This is the revised title of my upcoming chapbook collection Finishing Line Press has available to pre- order on their website http://www.finishinglinepress.com at this time. This book is a memorial to my friend the late Yolanda Tooley, in both content and cover artwork. If you ‘re interested in ordering the unique and emotive collection, please visit Finishing Line today. The print run of actual chapbooks is determined by the number of pre- orders, so obviously, the more readers who order now, the larger the number of available books will be. It is from this collection of poems, which has an actual release date of November 2013, that I’ll be choosing  to read at Lismore Castle, Ireland in December. I was invited by publisher Leah Maines of Finishing Line to attend the conference, to study and to read.

I look forward to meeting some of the Elbow Lane poets from FaceBook and Fermoy, Ireland while there, as well as perhaps other Elbow Lane poets, relatives from Cambridge UK, and also authors I have read and admired.

The chapbook cover will be in color of the photograph in this blog, ” Yolanda and the Dancin’ Shoes: Stepping’ Out.” If you scroll down to earlier posts on this blog you can see it. Author photograph by Donna J. Ward. As soon as the art department at FLP sends me a cover mock up and I approve it, I will post on my blogs and FBs and website and FLP will have it on theirs as well. Finishing Line also offers on their website a chance for readers to write reviews of the poets they have read and whose words inspired them. Please check that out, too. Feedback from readers is a good thing. You may also post reviews on my FB. As soon as the print edition is available, FLP will list it on Amazon.com, where readers can post reviews, too. It will be on my Amazon author page along with my other FLP chapbook, “Transplanted.” You can also learn more about the collection by going to http://www.patriciastoltey.blogspot.com where Pat recently posted a feature about the book under its former title. If you are a blogger and enjoyed reading this, please feel free to re blog! Thank you!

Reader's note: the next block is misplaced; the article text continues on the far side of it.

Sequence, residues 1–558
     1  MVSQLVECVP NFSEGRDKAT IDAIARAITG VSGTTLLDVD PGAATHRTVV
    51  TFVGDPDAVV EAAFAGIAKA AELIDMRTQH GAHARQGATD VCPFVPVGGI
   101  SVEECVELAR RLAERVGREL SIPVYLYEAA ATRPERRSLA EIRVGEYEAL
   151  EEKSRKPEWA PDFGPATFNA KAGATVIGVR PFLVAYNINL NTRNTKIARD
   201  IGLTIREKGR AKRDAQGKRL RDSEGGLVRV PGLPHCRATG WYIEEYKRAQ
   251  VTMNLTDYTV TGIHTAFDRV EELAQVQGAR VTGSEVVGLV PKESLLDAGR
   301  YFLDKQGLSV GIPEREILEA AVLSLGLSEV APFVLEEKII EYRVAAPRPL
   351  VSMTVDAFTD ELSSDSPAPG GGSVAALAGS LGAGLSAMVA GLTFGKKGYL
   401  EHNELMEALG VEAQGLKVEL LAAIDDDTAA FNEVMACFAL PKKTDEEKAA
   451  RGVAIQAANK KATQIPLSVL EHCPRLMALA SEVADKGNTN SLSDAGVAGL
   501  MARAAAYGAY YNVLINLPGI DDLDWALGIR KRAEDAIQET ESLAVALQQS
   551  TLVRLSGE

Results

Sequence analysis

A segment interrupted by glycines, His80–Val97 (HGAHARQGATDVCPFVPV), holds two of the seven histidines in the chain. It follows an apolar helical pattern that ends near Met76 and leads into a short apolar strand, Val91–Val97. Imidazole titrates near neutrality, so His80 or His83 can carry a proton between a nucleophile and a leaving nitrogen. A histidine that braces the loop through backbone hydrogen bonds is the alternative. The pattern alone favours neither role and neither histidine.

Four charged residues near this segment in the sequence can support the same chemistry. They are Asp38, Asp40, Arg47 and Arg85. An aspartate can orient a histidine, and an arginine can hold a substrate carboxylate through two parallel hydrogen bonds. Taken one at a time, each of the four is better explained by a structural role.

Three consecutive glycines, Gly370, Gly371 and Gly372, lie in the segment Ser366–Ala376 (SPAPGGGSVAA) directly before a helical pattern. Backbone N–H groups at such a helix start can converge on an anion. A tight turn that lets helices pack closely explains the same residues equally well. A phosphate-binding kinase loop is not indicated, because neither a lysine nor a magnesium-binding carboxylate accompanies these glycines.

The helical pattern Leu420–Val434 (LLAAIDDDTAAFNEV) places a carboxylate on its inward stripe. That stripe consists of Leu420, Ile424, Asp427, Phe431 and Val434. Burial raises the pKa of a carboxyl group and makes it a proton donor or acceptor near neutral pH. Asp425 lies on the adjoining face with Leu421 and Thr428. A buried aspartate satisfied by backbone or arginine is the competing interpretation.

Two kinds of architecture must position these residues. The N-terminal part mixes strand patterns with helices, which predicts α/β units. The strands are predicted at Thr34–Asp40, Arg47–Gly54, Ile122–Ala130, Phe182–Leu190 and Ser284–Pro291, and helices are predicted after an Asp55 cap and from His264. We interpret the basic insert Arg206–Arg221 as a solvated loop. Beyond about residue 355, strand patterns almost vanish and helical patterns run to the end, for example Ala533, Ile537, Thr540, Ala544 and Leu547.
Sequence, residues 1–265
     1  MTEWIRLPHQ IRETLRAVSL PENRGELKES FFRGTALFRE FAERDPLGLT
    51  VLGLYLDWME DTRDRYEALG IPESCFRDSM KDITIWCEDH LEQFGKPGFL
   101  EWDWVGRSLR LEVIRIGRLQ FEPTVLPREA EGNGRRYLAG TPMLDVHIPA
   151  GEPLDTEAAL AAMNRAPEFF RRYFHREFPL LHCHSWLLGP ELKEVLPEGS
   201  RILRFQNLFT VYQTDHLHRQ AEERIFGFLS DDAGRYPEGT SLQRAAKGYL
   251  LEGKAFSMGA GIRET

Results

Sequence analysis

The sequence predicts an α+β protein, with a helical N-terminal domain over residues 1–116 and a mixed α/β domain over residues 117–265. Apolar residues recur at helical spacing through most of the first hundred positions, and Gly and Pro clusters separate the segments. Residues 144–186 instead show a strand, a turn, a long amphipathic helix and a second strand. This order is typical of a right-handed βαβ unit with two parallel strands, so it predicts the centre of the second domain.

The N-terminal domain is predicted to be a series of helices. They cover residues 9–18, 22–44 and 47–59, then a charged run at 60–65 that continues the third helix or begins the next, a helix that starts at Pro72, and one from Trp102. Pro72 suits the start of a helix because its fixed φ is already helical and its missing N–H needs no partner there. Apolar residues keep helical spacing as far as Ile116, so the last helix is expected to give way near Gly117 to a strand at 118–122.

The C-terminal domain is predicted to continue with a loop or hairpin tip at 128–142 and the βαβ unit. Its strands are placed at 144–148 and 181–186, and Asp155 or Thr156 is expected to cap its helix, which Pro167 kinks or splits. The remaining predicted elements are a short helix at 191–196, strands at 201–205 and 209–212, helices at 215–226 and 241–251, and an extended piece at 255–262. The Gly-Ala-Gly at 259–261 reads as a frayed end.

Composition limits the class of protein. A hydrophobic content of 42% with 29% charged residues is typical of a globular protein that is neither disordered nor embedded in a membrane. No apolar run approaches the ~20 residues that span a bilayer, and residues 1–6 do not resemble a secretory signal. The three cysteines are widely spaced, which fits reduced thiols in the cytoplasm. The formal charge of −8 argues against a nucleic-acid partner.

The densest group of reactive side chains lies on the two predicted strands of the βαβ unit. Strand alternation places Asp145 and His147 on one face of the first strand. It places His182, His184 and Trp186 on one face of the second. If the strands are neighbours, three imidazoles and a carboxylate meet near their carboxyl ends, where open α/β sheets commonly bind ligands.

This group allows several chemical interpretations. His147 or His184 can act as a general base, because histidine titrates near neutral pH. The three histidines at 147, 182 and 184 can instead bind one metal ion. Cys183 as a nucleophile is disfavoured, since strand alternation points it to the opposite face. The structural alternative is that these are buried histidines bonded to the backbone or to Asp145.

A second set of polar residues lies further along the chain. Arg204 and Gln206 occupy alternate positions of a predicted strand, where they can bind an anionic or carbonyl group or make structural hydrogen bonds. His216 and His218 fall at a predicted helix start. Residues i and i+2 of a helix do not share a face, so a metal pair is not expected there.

The title is part of a line from one of the poems in the book, “When King David Discovered Poetry”

My Newest Release

August 9, 2013